05/21/2012 02:09 pm ET

Scott Walker Recall: Gov. Gave Questionable Testimony To Congress, House Dems Say

In light of a videotape that surfaced earlier this month, Democrats with the House oversight committee say they want embattled Wisconsin Gov. Scott Walker to "clarify" testimony he delivered before Congress last April that the lawmakers now describe as contradictory.

In a hearing on April 14, 2011, Walker was questioned about the motives behind his move to strip the state's public-sector workers of most of their collective bargaining rights. Insisting the measure was merely budget-driven, Walker denied ever having a conversation about whether the law could be used to "punish" Democrats and their "donor base" of labor unions.

Asked if he was trying to politically undermine unions, Walker said, "It’s not about that. It’s ultimately about balancing the budget now and in the future."

Reps. Elijah Cummings (D-Md.), Gerald Connolly (D-Va.) and Chris Murphy (D-Conn.) now say that a recently released video, showing a conversation between Walker and Wisconsin billionaire Diane Hendricks, "raises serious questions about the veracity" of those statements by Walker. In the video, shot in January 2011, Hendricks asks Walker if there's "any chance we'll ever get to be a completely red state and work on these unions."

"Oh, yeah," Walker responds, going on to say that the rollback of collective bargaining rights is part of a "divide-and-conquer" strategy.

The Democrats have asked oversight committee chairman Darrell Issa (R-Calif.) to request a clarification from Walker on his testimony that the collective-bargaining law wasn't politically motivated. "In this case," the Democrats note dryly, "it is possible that Governor Walker had forgotten his conversation with his largest campaign donor when he testified before our Committee." The letter, sent Monday, references an article last week by The Nation's John Nichols, who asked whether Walker "lie[d] under oath to Congress" last year.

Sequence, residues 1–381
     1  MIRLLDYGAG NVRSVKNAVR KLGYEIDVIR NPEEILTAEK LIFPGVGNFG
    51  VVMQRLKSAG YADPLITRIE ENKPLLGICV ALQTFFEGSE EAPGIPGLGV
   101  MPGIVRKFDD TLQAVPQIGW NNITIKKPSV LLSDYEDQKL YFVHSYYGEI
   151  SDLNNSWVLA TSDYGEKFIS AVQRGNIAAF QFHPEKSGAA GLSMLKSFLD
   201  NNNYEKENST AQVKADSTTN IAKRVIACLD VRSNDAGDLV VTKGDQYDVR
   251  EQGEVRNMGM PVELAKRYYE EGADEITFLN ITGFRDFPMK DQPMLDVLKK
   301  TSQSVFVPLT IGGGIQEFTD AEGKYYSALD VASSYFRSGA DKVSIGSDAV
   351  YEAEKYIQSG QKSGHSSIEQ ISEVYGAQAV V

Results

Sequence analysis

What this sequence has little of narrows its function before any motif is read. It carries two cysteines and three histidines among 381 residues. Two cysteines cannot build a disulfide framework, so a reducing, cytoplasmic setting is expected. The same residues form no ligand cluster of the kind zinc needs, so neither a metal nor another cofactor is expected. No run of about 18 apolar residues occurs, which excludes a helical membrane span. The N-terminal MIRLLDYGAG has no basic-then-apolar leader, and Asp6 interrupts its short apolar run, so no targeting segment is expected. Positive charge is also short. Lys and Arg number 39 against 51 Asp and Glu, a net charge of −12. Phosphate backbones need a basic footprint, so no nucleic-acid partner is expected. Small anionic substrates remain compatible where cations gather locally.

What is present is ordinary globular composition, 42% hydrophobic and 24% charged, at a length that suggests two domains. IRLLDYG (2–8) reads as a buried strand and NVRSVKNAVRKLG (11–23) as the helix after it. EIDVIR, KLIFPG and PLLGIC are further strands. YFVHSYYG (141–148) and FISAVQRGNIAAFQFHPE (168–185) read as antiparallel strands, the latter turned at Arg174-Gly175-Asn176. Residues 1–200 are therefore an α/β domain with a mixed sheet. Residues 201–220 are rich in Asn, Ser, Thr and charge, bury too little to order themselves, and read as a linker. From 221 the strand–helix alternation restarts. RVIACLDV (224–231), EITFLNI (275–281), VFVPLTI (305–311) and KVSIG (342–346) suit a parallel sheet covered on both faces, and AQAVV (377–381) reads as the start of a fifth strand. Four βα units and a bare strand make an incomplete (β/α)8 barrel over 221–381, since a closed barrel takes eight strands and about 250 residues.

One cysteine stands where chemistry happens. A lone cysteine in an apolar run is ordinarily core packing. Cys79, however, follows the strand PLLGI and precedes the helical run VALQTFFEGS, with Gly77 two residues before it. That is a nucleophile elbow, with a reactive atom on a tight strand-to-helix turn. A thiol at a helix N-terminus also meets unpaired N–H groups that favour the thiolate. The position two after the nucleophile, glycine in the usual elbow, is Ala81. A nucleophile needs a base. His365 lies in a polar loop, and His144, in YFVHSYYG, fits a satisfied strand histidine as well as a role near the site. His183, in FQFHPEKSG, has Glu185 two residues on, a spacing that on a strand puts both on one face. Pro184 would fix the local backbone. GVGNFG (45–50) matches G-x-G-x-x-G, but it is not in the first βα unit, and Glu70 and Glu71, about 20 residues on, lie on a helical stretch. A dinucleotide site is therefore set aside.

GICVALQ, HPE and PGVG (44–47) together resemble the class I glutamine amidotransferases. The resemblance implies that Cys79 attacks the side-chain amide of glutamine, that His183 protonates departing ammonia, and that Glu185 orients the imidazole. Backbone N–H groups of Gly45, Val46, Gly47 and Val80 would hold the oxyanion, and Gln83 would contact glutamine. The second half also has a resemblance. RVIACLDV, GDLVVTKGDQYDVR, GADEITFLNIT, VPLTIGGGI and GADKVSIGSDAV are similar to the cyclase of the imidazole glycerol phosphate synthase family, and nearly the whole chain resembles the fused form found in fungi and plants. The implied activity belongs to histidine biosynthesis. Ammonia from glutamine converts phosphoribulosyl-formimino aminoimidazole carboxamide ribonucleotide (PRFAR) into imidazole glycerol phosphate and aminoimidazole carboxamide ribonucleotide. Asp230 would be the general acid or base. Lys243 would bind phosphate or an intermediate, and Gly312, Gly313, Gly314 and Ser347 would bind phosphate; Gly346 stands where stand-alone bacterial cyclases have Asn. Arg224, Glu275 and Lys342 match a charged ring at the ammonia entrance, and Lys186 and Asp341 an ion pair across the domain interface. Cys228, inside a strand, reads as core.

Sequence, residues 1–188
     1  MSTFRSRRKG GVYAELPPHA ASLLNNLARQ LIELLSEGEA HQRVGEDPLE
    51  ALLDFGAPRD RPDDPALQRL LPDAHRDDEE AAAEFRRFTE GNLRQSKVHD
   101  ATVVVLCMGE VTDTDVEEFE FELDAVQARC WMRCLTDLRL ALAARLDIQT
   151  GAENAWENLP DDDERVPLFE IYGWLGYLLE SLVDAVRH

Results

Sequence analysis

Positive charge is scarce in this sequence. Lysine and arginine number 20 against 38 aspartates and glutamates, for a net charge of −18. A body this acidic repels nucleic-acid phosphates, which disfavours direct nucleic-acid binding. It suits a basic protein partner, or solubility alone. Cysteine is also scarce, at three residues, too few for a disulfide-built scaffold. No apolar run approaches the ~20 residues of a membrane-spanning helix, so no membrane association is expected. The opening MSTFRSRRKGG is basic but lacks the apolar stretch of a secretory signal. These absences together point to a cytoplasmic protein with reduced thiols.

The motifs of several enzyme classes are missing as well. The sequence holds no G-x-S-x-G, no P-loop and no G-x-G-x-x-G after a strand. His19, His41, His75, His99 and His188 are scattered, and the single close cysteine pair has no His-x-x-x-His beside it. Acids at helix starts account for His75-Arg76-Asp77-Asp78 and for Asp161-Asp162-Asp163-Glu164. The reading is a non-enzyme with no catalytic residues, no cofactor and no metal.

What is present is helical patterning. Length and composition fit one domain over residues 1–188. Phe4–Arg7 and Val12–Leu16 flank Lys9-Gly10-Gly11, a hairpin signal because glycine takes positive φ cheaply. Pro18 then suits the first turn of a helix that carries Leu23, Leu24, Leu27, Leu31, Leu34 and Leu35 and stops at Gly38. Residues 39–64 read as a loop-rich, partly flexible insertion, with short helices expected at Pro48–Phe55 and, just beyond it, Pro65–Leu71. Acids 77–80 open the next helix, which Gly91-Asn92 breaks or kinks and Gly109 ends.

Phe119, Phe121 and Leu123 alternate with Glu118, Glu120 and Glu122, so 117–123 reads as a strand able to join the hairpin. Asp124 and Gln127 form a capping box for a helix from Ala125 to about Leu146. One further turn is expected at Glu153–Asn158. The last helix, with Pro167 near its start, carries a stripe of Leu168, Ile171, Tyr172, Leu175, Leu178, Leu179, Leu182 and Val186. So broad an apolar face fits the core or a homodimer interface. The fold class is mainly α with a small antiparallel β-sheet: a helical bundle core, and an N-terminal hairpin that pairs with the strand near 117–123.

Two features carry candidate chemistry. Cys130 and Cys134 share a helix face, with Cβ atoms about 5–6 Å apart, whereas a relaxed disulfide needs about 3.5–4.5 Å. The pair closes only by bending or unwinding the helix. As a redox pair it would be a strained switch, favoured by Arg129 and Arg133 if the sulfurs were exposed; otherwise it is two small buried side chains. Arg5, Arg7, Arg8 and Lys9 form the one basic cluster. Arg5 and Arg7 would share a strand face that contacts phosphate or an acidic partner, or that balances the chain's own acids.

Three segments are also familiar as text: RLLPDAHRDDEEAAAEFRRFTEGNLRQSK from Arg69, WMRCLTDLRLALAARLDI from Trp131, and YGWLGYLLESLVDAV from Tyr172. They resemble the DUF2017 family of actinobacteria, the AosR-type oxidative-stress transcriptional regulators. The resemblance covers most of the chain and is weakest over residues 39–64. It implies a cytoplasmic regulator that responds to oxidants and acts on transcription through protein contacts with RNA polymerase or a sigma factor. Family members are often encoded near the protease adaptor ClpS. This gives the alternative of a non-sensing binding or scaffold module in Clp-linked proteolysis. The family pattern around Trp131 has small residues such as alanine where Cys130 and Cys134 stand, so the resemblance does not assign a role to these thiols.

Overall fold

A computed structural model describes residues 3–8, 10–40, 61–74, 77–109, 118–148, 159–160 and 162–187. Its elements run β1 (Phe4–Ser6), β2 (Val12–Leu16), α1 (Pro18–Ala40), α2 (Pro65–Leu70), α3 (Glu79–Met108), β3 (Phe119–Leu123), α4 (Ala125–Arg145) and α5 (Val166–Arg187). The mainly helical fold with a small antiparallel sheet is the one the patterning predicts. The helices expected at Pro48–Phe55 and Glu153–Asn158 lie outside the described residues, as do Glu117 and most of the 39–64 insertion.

A Walker spokesperson did not immediately respond to a request for comment.

Issa, of course, is under no obligation to demand an explanation from Walker, and he likely wouldn’t use his power as chairman to embarrass a Republican who's leading the fight against public-sector unions. A committee spokesman did not immediately respond to a request for comment on the Democrats' letter.

Nonetheless, Walker's year-old testimony serves as a bit of ammunition for Democrats in Washington just as Walker is fending off a recall effort that will be decided by voters in June. Democrats and labor groups have proffered the video featuring Hendricks, a major Walker donor, as evidence that the true aim of his collective-bargaining measure was to weaken the left in Wisconsin.

Seen as a flashpoint in the ongoing battles between Republicans and unions, the Wisconsin recall has brought in a massive amount of outside money, with more than $10 million having flowed to Walker and his Democratic challengers from states other than Wisconsin. More than two-thirds of Walker's money came from elsewhere, according to an analysis of campaign donations.

Walker is facing Milwaukee Mayor Tom Barrett in the June 5 recall election. Although the recall effort was spurred by anger over Walker's stripping of collective bargaining rights, voters now seem more concerned with the overall direction of Wisconsin's economy. According to polling done by Marquette Law School last week, Walker leads Barrett by about 6 percentage points.